Information about getting your vaccine
Preparing for your COVID-19 vaccination
Make sure your details are correct
While you wait for your appointment, there are some things you can do now to get ready.
Make sure your details are up to date with Medicare. You can do this using either your:
If you don’t have your account set up, you can:
- Enrol in Medicare, if you’re not already enrolled.
- Set up your Medicare online account, if you’re enrolled in Medicare, but don’t have Medicare linked to myGov.
Once you’ve had your vaccine, you’ll be able to get an immunisation history statement to prove your vaccination status. You can find out how to get your immunisation history statement on the Services Australia website.
Don’t have a Medicare card?
If you’re not eligible for Medicare you can still get the COVID-19 vaccine for free.
First you will need to get an Individual Health Identifier (IHI) through Services Australia.
An Individual Healthcare Identifier is a unique number used to identify an individual for health care purposes and My Health Record. It helps ensure health professionals are confident that the right information is associated with the right individual at the point of care.
You can go into your nearest Centrelink office to apply for an Individual Healthcare Identifier. Alternatively you can:
- Download and complete the request or update an Individual Healthcare Identifier form
- Provide certified copies of your proof of identity
Submit your application via email, post, fax or lodge it at your nearest Centrelink office.
If you are part of the current COVID-19 vaccine roll-out phase and have received your IHI, you can book your COVID-19 vaccine appointment through an approved GP clinic.
Getting ready for your appointment
You should not attend a COVID-19 vaccination appointment if you:
- are unwell with fever, cough, runny nose or other symptoms that could be from COVID-19
- are awaiting COVID-19 test results
- have tested positive with COVID-19 and you are in isolation
- are in quarantine
- are a close contact of someone with COVID-19.
If you fall into any of the above categories, check with your GP or health clinic. You may need to reschedule your appointment for vaccination.
If you have had another vaccine in the 14 days before your COVID-19 vaccine appointment, tell your immunisation provider. Your immunisation provider may ask you to reschedule your appointment.
Getting your vaccine
You will need to bring your Medicare card and ID with you to the appointment.
At your appointment, you will be able to discuss any questions you may have before getting the COVID-19 vaccine. You will also have to complete a checklist before you have your vaccination. This checklist includes clinical safety questions such as consent and current medical conditions.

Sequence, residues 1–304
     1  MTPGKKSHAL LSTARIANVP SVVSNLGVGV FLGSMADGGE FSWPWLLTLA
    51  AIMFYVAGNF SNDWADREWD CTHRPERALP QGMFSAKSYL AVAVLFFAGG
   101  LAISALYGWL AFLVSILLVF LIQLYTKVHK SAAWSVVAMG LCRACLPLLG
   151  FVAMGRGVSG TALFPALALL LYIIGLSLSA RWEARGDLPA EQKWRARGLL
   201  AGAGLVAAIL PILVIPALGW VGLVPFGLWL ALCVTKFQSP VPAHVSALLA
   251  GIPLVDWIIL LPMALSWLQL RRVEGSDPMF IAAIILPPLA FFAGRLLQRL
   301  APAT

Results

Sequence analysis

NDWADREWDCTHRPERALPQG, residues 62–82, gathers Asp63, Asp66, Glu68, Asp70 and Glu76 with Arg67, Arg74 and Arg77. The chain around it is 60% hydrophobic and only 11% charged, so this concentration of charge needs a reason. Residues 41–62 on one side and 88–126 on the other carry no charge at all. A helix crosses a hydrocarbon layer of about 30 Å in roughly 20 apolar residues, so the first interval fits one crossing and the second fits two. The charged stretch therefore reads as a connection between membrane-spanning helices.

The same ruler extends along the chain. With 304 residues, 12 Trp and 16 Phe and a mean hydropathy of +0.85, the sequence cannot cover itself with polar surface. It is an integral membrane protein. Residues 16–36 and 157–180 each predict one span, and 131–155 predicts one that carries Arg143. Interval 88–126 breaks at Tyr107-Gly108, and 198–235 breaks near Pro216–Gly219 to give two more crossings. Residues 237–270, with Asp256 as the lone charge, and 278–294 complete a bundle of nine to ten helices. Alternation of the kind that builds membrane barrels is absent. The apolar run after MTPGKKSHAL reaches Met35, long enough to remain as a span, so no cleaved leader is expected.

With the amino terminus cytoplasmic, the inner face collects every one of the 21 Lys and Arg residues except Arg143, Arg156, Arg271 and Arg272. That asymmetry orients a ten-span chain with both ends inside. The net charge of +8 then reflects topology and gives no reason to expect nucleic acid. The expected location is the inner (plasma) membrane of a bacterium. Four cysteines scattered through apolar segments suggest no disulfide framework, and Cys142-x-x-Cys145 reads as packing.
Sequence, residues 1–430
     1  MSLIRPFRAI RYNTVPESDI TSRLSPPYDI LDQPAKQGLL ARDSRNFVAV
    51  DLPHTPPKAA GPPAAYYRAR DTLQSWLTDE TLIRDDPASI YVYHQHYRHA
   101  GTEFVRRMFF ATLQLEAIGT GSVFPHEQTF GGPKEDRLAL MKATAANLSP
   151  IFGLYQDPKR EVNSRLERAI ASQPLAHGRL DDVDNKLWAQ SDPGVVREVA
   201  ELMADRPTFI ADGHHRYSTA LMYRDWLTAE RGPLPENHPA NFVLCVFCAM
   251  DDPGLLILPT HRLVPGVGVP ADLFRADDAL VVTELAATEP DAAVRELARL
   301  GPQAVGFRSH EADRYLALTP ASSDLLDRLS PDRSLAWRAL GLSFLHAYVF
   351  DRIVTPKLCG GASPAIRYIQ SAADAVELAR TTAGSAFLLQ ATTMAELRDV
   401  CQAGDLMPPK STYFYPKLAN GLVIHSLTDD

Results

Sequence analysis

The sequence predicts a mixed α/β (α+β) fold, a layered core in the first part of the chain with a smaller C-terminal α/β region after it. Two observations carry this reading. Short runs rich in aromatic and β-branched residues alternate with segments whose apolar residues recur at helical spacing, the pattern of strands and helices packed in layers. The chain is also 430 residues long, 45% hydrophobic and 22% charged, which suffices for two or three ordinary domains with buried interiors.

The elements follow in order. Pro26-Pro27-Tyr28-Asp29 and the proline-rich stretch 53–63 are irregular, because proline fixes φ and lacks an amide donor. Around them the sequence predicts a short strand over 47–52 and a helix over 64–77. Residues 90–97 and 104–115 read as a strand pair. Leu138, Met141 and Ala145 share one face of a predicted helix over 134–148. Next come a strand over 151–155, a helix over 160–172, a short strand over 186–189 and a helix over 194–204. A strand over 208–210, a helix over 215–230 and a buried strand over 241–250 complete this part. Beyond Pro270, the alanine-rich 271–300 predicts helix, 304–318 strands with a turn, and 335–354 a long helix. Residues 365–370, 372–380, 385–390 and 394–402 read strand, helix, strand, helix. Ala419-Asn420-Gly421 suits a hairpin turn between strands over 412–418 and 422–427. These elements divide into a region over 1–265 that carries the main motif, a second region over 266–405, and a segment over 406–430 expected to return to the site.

Once you have provided consent, you will be able to receive your COVID-19 vaccination.
After you’ve received your vaccination you will need to wait 15 minutes for observation to ensure there are no immediate reactions after getting the vaccine.
You will also receive your appointment time to get your second dose. It’s important you receive two doses of the COVID-19 vaccine to ensure the best protection.
After your COVID-19 vaccination
What to expect after getting your vaccine
As with any vaccine, you may experience some side effects after receiving a COVID-19 vaccine. Side effects are normal and a good sign that the vaccine is working.
Common side effects include:
- pain, swelling , tenderness, redness or itching at the injection site
- muscle pain
- fever and chills
- feeling unwell
- joint pain.
These side effects are usually mild and go away within one or two days.
If you experience pain at the injection site or fever, headaches or body aches after vaccination, you can take paracetamol or ibuprofen. If there is swelling at the injection site, you can use a cold compress.
You should seek medical attention after vaccination if:
- You think you are having an allergic reaction. Call 000 if you experience severe symptoms, such as difficulty breathing, wheezing, a fast heartbeat or collapsing.
- You are worried about a potential side effect or have new or unexpected symptoms.
- You are experiencing severe and on-going headaches
- You have experienced a side effect of the vaccine that has not gone away after a few days.
For symptoms which are not urgent, you can see your regular healthcare provider.
Reporting adverse side effects
You should report suspected adverse side effects to your vaccination provider or other healthcare professional. They will then make a formal report on your behalf to NT Health or directly to the Therapeutic Goods Administration (TGA).
This year, you will need three vaccines to stay healthy – 1 flu vaccine and 2 COVID-19 vaccines.
It is still important to make sure you get the flu vaccine in the lead up to the flu season.
It is recommended you wait two weeks between the COVID-19 vaccination and the flu vaccination.
If it isn’t your turn to get the COVID-19 vaccine yet, get your flu vaccine first.
Anyone over 6 months of age should get the influenza vaccination, even if they are not eligible for the COVID-19 vaccine.
Kids under 5 years (and over 6 months) are at high risk from the flu and can get a free flu vaccine through the National Immunisation Program. Pregnant women are at high risk from the flu and should get a flu vaccination while pregnant. Pregnant women should seek advice from their GP before getting the COVID-19 vaccine.
Get the flu vaccine to protect your family from getting sick.